Re: What's wrong with this class

James Kanze <>
Sat, 25 Oct 2008 01:53:53 -0700 (PDT)
On Oct 25, 12:00 am, Mosfet <> wrote:

James Kanze a =E9crit :

Actually I am reading effective STL and there is a chapter
where is written :
Containers will make a copy of the object that you insert.
This is fine when inserting integers and strings, but for
large/complex objects becomes undesirable. If you do not want
multiple copies of the object floating around, store pointers
in containers rather than actual objects. If you are happy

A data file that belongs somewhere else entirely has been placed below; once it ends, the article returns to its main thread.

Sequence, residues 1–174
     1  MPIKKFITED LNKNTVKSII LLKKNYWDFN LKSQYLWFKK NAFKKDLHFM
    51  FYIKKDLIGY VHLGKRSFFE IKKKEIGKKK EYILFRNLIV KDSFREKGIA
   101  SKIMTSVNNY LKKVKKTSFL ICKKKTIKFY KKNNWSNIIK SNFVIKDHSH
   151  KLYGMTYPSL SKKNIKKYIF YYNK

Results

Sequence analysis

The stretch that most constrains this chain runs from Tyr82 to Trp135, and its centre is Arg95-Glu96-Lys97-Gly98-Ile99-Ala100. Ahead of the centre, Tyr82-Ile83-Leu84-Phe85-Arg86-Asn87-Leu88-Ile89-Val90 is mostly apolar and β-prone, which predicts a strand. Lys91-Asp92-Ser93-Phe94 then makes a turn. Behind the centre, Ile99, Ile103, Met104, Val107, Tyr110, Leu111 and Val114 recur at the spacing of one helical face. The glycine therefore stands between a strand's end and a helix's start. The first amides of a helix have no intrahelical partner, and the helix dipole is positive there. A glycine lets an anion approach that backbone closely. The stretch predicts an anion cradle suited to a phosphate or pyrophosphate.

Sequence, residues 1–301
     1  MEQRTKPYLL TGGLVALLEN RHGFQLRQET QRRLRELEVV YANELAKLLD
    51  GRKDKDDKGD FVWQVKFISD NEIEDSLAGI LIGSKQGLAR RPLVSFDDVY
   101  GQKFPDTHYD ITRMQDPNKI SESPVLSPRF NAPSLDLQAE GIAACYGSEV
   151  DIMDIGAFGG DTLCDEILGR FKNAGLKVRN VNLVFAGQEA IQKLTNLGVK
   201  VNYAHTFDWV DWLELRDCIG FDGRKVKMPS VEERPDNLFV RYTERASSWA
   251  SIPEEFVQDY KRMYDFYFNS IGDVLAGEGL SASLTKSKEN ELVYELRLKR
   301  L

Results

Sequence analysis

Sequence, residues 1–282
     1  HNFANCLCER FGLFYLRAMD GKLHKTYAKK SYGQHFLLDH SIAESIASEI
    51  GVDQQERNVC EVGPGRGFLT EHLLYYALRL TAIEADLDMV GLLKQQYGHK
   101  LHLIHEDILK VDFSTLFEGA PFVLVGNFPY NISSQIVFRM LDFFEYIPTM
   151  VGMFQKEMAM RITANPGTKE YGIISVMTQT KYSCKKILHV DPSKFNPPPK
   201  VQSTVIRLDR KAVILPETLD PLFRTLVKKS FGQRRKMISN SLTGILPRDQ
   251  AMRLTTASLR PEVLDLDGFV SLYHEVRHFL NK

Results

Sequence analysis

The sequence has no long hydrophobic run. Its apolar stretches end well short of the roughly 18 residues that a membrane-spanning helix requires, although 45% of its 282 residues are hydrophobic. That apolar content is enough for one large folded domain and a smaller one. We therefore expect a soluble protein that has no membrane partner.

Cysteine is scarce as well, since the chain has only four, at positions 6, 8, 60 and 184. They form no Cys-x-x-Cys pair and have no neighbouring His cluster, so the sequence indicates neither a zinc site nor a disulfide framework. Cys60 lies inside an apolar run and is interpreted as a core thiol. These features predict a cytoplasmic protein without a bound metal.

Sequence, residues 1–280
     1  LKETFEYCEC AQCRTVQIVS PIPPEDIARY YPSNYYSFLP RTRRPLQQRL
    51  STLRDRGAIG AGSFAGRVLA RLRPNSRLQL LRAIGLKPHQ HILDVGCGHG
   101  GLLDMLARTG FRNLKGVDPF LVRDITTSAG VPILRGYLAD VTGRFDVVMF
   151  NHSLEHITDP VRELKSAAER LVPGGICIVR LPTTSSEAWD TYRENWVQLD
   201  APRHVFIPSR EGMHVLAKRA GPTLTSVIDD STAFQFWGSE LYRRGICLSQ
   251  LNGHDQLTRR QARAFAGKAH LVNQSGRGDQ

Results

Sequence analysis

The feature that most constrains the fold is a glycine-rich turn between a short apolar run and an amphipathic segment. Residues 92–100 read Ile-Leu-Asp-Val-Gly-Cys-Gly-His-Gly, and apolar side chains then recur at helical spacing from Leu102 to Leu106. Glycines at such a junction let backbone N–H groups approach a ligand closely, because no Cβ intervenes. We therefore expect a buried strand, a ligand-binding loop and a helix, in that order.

with multiple copies, get to know your copy-constructor.

Usually I use object and not pointers but I told me that I
could try with pointers. OF course there are some issues with
pointer ownerships so I will do as I always do and will do
some advanced tricks only in a few years ;-)

There is one idiom that might be applicable here: make the
contained objects immutable, and use boost::shared_ptr to manage
them. (Or better yet, develop your own invasive reference
counted pointer, based on e.g. the one in item 29 of "More
Effective C++".) This basically duplicates the way you'd handle
a value type in Java, with two restrictions: your value objects
can't contain pointers to other objects which might create
cycles, and it isn't thread safe. And it generally isn't worth
the bother, unless the objects are very, very expensive to copy
(not your case).

James Kanze (GABI Software)
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